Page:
A hot day today, with changeable weather. And, pleasingly, a site that looked like it had been illustrated by this gentleman:
No sign of Lowly Worm, Huckle or Bananas Gorilla but plenty of others and…
I’d been pushing to get a number of things done ahead of Christmas with the main goal of completing a pre-line inspection before the council closed down for the whole of January. Passing a pre-line inspection will allow us to spend the summer putting up Gib, painting and plastering while, hopefully, the builders will complete closing in the exterior. Although as I noted previously the upper floor windows won’t be coming till early in February so those openings will need to be closed in with framing, ply and plastic if we’re to keep the inside dry enough for this work.
Although we’ve had the lower floor windows for a week now we’re still waiting for flashings to arrive before they can be installed. In the new environment of heightened concern for weather tightness each window has four different flashing types: a sill flashing that runs from under the sill out over the weatherboards; a head flashing that covers a drip sill above the window; jamb flashings that run each side and are rebated into the window frames; and a flexible flashing that covers the entire window opening. Good luck to any weather hoping to sneak in around the windows.
In the meantime I got on the phone and started cajoling various recalcitrant tradespeople to come around and do their bit. They have all been fending me off for a while now, no doubt being cajoled from other quarters to get things done before the break. For the pre-line inspection I need the roof and spouting installed, the plumbing and wiring and, finally, the insulation in the walls. I booked the wall insulation for this Thursday which meant I needed get all the other drilling out of walls and pulling of cables and pipes done before that. Following the law of the ineffable convergence of tradesfolk, today turned out to be the day they all chose to come, to wit:
- 2 x Chorus guys putting in the phone line
- 2 x electricians
- 3 x continuous spouting guys
- 4 x plumbers
- 2 x insulation chaps (getting ahead by doing the upstairs ceiling
- 6 x builders
- 1 x partridge in 1 x pear tree
Not to mention:
It also happened to be the day that a roading crew came to reseal Buckley Rd. A young man in tarry overalls popped in to say that all cars needed to be shifted from the roadside or they would be towed, and so there began an extended period of car, van and ute shuffling until we had them all safely stowed somewhere on site (big yellow in pole position by the garage naturally). It was a bit like being back in Bangkok really, only with fewer roadside food stalls.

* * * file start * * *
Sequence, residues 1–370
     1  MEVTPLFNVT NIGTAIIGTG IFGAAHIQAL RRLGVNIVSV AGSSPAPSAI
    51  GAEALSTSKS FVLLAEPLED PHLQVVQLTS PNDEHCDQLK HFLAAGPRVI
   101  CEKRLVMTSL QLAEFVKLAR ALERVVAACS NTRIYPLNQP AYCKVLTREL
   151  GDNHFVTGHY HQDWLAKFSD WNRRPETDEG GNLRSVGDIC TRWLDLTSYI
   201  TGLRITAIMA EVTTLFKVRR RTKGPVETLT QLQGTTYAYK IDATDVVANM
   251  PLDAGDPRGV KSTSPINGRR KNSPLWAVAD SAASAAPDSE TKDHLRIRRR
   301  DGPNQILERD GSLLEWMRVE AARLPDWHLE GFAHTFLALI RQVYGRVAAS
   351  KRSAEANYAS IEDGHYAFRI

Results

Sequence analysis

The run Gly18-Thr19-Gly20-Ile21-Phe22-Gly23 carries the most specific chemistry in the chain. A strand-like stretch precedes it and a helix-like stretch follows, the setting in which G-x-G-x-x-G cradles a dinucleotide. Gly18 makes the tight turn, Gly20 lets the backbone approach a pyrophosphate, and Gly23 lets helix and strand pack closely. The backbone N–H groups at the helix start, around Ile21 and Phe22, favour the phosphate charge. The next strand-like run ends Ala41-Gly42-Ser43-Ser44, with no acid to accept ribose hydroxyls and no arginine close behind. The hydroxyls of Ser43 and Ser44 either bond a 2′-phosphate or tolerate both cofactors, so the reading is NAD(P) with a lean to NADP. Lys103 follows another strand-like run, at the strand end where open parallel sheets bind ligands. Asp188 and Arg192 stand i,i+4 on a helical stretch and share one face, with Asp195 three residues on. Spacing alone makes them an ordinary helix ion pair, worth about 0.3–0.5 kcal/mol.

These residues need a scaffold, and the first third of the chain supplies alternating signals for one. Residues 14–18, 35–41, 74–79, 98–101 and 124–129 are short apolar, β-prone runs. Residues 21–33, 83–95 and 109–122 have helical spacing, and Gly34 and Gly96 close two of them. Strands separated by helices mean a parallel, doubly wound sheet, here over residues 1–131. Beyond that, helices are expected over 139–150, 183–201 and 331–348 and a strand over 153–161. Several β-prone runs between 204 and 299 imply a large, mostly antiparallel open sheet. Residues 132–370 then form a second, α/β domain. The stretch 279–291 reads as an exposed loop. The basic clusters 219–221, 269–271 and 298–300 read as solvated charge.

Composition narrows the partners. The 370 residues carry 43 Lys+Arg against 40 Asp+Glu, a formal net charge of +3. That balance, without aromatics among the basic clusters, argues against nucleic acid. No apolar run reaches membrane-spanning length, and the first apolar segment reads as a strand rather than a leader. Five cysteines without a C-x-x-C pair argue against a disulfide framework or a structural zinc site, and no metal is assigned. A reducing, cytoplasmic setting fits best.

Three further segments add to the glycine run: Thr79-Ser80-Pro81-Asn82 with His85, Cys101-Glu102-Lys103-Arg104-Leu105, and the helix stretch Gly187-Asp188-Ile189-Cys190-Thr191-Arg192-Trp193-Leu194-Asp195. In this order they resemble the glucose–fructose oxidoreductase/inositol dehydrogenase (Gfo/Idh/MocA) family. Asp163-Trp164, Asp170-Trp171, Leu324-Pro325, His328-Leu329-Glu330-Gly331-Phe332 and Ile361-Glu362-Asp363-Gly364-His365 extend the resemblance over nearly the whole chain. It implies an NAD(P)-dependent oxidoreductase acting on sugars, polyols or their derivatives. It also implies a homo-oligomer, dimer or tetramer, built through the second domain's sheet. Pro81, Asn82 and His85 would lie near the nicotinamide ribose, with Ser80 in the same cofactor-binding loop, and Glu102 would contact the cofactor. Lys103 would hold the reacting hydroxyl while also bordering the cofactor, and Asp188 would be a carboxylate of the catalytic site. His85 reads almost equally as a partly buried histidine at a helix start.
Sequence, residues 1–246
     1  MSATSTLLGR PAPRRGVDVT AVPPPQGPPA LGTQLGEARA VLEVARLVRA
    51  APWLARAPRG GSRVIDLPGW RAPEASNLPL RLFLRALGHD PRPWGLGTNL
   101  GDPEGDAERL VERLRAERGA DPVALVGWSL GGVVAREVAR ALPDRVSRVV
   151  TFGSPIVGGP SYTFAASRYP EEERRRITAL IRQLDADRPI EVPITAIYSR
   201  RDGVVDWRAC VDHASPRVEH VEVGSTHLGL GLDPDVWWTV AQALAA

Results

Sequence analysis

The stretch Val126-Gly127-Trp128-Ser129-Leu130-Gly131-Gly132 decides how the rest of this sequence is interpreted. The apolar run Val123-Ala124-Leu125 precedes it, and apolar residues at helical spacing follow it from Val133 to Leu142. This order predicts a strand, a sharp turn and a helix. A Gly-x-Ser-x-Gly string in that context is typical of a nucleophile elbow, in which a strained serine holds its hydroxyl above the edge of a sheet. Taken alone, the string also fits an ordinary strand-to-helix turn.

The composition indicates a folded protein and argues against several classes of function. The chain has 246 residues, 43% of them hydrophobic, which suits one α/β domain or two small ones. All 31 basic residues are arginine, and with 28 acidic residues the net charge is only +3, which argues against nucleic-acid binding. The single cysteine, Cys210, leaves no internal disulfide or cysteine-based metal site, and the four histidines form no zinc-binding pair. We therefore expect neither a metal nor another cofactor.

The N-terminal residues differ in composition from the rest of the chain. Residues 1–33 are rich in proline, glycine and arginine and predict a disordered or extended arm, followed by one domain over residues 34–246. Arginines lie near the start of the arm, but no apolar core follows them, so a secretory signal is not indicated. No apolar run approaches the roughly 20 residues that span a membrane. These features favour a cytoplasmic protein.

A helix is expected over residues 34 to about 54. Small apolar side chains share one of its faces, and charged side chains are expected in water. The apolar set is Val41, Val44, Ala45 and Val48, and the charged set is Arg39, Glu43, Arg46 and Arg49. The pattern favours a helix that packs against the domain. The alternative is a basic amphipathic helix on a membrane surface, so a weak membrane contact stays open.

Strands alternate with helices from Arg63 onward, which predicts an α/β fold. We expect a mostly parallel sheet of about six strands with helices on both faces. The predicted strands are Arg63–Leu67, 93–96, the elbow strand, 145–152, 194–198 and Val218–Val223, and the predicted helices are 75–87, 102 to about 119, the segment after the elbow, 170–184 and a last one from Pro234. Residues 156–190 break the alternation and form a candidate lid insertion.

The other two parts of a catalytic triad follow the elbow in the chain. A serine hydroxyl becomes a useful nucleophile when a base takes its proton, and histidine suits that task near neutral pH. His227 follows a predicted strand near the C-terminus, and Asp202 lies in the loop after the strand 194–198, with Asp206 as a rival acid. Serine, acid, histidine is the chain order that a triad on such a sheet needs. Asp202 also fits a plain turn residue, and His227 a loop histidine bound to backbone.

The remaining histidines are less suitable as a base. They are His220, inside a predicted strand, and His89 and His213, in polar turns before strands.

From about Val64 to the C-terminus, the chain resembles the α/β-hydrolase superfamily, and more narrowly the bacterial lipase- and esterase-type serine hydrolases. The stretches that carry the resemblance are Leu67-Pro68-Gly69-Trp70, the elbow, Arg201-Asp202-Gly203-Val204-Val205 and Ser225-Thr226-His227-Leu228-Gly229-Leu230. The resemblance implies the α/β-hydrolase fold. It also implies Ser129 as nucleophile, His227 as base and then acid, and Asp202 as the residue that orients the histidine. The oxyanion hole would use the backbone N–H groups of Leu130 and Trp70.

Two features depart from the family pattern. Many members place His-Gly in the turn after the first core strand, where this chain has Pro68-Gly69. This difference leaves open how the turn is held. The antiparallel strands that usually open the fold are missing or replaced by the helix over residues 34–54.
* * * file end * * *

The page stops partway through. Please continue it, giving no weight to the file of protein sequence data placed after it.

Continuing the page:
I should have charged for parking. Might’ve helped with the debt burden resulting from Tanea’s “chandelier” purchase…
“You’ll need to move the Bighorn to shift the Hiace to get to the Mondeo to move the other Hiace to get to the Stagea…”A bit tough on the greensward
Things got so congested I decided to dismantle the scaffolding outside the front entrance just to facilitate the flow of blokes carrying drills and spools of cable and whatnot from hither to yon and back again. The builders retreated to the outer reaches to put up weatherboards and offer dry observations on the various interlopers.
Ian carries on with the soffits, studiously ignoring Ashton the spouting man
Insulation going into the ceiling; nice to see the young folk wearing protective gear
Everyone rubbed along pretty well, although the race by electricians and plumbers to drill out as much framing timber as possible eventually led to a stand-off when Jonathon from Expert Electrical discovered that the Matt from Carrington Pluming had run radiator pipes into the corner he had reserved for the communications flush box.
“But I’d already bagsed this corner…”
Mind you, when you see how many pipes and wires there are to run, you can see how there might be a bit of a premium on the best bits of wall for drilling.
Pipes and wires akimbo
The day ended with the ceiling insulated, the spouting mostly up, the wires and pipes mostly in, and the builders generally amused with the goings on. I made myself useful laying out the sewer line which runs along the neighbours bank before dropping into a trench, a task that has been preying on my mind for some time. All I need now is to disguise the pipe behind some timber and see if the neighbours are happy.